This could also just as easily be a point system instead of a college of voters.

However, going to a straight popular vote would destroy our country in very short order.  We were NOT founded as a pure democracy.  Probably the greatest falacy of our history that we now think of ourselves as a democracy.  We were created as a democratic republic.  There is a HUGE difference.

We fought a civil war over states rights.  We're fighting another one today on the political scene that is just as important.  You have one side that wants to kill the electoral college and bring the power of the vote to the big cities and you have the other side that wants to keep the electoral college and keep the power in the hands of the individual states and keep their state's rights.  If we do away with the college, half the country's states may as well seceed again since they will have almost zero say in anothing politically and their interests will NOT be looked out for in any way at all.
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draegun
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« Reply #51 on: November 02, 2004, 04:26:04 PM »

Quote from: "Nameless"
But you're setting an unrealistic standard.  If you asked the 'average American' to spend time researching every issue before they voted, which part of their responsibility would you have them drop?  I mean, people are so busy that they don't even have time to sleep, and you want them to research issues, take tests, etc?

I agree with you that it would be nice if people were more educated on issues, but I disagree that it can be a requirement.  What happens is, if people feel strongly enough about something, they vote.  If not, they don't.  So in a sense, you do only get people that actually have an opinion.

Putting requirements around voting, though, is creating a group of 'elite' members of society, an idea which this country has been fighting against for thirty years, albeit unsuccessfully at times.

One of the problems as I see it is that there is no truly impartial source for information on issues.  For instance, every locality has proposals on the ballot all of the time.  But you never actually get to see facts about them.  You only see the two different sides advertising repeatedly.  

Another problem is party voters.  I think this is the true tragedy.  This is a voter who votes for someone soley on party affiliation rather than because of any knowledge of the person's platform.  I almost wish it was illegal to list party affiliation on ballots.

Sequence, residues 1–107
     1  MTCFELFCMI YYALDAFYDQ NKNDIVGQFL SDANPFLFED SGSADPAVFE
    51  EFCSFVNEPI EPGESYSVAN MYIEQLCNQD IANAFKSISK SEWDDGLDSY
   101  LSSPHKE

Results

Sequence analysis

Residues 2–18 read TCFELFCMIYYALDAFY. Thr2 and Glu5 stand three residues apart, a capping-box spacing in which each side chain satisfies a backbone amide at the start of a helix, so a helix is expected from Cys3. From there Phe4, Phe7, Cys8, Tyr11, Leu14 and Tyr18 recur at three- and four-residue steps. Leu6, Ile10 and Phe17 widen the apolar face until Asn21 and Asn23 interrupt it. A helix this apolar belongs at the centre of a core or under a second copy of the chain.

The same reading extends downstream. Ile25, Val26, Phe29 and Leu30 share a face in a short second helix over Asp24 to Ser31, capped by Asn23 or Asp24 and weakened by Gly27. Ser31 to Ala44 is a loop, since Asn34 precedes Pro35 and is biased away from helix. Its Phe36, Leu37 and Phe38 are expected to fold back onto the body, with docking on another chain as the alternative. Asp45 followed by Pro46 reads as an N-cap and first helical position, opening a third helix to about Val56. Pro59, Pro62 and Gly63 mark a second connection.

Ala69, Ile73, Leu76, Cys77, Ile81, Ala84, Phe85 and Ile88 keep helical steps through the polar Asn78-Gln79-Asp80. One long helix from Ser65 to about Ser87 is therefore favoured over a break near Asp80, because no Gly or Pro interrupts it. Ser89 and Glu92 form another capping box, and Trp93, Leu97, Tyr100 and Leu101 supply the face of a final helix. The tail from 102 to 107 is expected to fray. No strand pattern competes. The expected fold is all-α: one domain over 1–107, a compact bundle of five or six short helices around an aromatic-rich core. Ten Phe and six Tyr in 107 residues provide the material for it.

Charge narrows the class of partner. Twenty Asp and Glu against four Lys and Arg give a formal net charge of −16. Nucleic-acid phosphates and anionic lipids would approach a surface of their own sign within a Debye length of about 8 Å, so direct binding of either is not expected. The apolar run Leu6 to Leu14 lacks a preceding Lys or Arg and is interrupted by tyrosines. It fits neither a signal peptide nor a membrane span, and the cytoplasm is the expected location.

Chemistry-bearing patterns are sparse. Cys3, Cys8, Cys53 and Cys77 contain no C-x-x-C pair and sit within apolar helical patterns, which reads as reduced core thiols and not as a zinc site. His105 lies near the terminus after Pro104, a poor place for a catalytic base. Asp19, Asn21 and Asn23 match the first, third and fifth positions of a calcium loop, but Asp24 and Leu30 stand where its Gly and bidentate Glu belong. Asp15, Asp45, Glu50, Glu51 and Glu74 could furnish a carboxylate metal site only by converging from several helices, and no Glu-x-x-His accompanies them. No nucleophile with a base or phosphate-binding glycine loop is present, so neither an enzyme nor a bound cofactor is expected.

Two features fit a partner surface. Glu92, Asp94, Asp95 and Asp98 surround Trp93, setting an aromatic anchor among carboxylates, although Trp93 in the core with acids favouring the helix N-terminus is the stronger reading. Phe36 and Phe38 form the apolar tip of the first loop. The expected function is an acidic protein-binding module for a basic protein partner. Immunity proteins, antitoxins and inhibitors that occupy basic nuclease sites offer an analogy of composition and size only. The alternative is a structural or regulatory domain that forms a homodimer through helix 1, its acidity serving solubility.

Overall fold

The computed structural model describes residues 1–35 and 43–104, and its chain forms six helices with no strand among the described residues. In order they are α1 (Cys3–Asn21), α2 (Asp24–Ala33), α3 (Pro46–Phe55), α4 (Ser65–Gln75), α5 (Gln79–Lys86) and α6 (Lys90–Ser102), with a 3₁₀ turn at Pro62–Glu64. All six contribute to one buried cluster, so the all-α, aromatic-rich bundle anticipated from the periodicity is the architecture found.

Agree.  Agree.  Agree.

It would be impossible to study every issue.  My suggestion was a civics based exam -- one time or even every decade or something.  Require people to understand the system they are so adamantly determined to participate in.  At least then they'll be informed enough of the possible consequences of voting one way or another because they have a foundation of knowledge.  

Naive, most likely yes.
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Nameless
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« Reply #52 on: November 02, 2004, 05:40:35 PM »

What good would knowledge of the system do?  It has nothing to do with the issues typically.  Everyone in Michigan has to go through American Government in their senior year of high school.  So right when they turn 18, they likely have exactly the knowledge you're looking for.  Does that mean you think that 18 year old Americans are good voters?
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draegun
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« Reply #53 on: November 02, 2004, 06:58:10 PM »

Just because someone is forced to take Civics in High Prison, doesn't necessarily mean they have knowledge of the process.  

Hell, I took Algebra 1 and 2 and Chem 1 and 2 in high school.  Do you think I know a damn thing about those two subjects even though I took two years of classes ?????

I had no motivation to learn or remember what I did learn.  If I was told today that in ninety days I could earn 100k a year as a chemist, but all I had to do was pass a test stating I understood the fundementals of chemistry and math -- damn skippy! I'm going to be burning the midnight oil.

The difference is that the onus is on me to produce the knowledge and follow through with it.
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Nameless